Showing 1 - 10 of 76 posts found matching keyword: death

From the God Is Dead Department:

You may recall that when the cosmos needed him, Red Bee was resurrected from the grave to join the heroes in the fight against the evil gods manipulating all of time and space.

The heroes won that fight ('natch), and the universe was reset into its previous state, which in comic books really means multiple universes. In the aftermath of the fight, we got a peek at several of those alternate realities, including one that looked reasonably familiar to fans of super heroes active during World War II.

Hey, now, you're an all star!
Tales from the Dark Multiverse: Crisis on Infinite Earths #1, 2021

That's a lot of heroes! If you squint, you may be able to make out one fellow in particular wearing a red top with pink blousy sleeves. Here, I'll zoom in for you.

Stop looking up Fury's skirt!

In this reality, the Earth is threatened by Surtur, a Norse demigod destined to set the world on fire. That would be bad, so once again, the Red Bee flies into action against the sort of menace that would be a difficult slog for a whole team of gods, much less a part-time lawyer with a trained bee.

It goes about as well as you might expect.

Timber!

The bigger they are, the more bees they squish

His not to reason why, his but to do and die.

Poor Bee. No respect in any universe.

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From the Dearly Departed Department:

I bet you'd thought I'd forgotten about the Red Bee, hadn't you? That happens with dead people. Life goes on without them.

Sometimes, that really bugs them.

Thirteen years after the story of his death was finally told, Richard "The Red Bee" Raleigh had dinner with Starman and several other long deceased heroes in the great superhero home in the sky.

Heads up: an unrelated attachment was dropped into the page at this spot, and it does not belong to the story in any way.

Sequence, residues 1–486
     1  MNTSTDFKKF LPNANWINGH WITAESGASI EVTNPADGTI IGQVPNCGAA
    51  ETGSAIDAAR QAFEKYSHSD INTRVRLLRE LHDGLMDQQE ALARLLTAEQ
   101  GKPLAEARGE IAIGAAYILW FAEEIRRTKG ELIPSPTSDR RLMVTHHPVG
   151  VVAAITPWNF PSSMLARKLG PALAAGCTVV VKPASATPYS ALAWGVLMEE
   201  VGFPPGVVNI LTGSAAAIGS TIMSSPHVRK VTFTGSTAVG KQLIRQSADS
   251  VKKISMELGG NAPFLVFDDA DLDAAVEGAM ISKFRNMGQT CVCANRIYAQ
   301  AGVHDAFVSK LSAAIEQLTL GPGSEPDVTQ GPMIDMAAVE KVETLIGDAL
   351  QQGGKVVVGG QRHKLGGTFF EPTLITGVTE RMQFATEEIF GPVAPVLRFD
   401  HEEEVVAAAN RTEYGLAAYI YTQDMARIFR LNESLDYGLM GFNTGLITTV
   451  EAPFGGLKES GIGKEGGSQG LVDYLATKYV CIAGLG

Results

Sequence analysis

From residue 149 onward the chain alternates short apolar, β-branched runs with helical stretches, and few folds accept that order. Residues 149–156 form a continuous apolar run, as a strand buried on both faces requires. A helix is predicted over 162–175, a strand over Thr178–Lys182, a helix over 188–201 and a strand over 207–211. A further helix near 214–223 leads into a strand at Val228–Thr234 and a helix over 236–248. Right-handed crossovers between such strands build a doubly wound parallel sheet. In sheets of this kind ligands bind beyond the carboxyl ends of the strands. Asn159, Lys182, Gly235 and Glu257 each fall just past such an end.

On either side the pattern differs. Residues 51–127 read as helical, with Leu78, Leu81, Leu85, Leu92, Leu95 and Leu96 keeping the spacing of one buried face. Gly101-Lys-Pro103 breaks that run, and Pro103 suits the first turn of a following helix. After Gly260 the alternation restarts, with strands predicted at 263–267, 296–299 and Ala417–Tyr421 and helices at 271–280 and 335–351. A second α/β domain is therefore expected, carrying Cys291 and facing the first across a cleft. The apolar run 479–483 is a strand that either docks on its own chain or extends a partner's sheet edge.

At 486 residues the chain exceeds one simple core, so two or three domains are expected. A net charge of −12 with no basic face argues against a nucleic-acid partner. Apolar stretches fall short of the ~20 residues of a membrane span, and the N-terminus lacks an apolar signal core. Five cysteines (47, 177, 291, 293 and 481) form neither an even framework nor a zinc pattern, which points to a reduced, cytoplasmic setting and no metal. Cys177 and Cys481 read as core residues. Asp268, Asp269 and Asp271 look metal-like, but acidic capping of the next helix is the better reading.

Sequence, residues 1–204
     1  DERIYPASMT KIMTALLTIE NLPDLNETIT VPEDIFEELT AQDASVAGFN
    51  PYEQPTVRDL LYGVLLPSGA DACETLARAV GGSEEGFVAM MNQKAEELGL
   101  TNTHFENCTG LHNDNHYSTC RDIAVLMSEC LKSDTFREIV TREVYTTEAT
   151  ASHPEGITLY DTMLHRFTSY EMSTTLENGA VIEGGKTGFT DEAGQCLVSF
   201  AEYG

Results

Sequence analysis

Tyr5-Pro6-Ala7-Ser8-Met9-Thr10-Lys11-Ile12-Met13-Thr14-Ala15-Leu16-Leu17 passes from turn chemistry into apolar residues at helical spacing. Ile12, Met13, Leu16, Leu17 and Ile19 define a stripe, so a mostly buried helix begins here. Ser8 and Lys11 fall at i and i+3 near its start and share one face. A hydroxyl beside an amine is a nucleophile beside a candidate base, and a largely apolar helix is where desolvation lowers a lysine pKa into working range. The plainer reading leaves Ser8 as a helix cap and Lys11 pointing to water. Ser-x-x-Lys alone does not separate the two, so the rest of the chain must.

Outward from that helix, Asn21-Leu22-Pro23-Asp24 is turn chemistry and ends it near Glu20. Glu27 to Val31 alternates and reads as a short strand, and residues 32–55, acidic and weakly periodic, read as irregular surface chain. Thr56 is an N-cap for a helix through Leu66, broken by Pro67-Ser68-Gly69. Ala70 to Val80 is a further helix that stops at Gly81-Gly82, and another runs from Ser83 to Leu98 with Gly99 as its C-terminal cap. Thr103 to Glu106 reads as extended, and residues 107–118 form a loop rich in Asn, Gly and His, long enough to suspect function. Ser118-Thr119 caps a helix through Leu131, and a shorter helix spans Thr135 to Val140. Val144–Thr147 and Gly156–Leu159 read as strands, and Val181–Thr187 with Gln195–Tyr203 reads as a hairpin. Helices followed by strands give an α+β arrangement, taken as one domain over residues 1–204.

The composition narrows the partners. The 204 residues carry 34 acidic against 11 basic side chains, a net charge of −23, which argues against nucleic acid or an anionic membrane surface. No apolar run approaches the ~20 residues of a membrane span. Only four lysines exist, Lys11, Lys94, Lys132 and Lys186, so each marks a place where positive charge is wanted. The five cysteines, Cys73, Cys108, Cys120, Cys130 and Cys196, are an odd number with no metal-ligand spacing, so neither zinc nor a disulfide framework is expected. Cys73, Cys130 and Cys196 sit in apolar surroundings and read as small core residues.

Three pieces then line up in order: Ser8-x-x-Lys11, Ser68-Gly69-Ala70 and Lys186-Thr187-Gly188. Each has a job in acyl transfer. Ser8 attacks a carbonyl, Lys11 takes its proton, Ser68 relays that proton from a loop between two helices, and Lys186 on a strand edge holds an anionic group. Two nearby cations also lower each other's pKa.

You should have tried a little harder on your costume
His newest super power is self pity
Starman #37, December 1997

In the afterlife, where time has no meaning, you don't get closure.

It is worth noting that we don't ever see the Red Bee's bee, Michael. I assume he lived a long, happy life, died well adjusted, and went to bee heaven.

Fortunately, this wasn't the last we'd see of the the Red Bee. I'll be back with that story soon.

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2020 killed my dog.

July, R.I.P.

July beat cancer for the first time in 2016 after having her toe amputated. She beat it a second time when she had a portion of her ear removed in 2019. This past July, she had a mammary tumor removed. Three times seems to be the limit.

In late October, she got wobbly in the legs. We crossed our fingers that it was a spinal problem. She initially responded to treatment, but she took a turn for the worse about two weeks ago when she lost even the ability to stand with assistance. It was downhill from there.

So long as she was lucid and had an appetite, I felt it was my duty to support her however I could — I couldn't justify killing my dog simply because she had become inconvenient. But I realized late last night that we had probably reached the end of the line. (I'll save the gory details except to say that cancer can be a real bitch.) I had her euthanized this afternoon, and she died in my arms.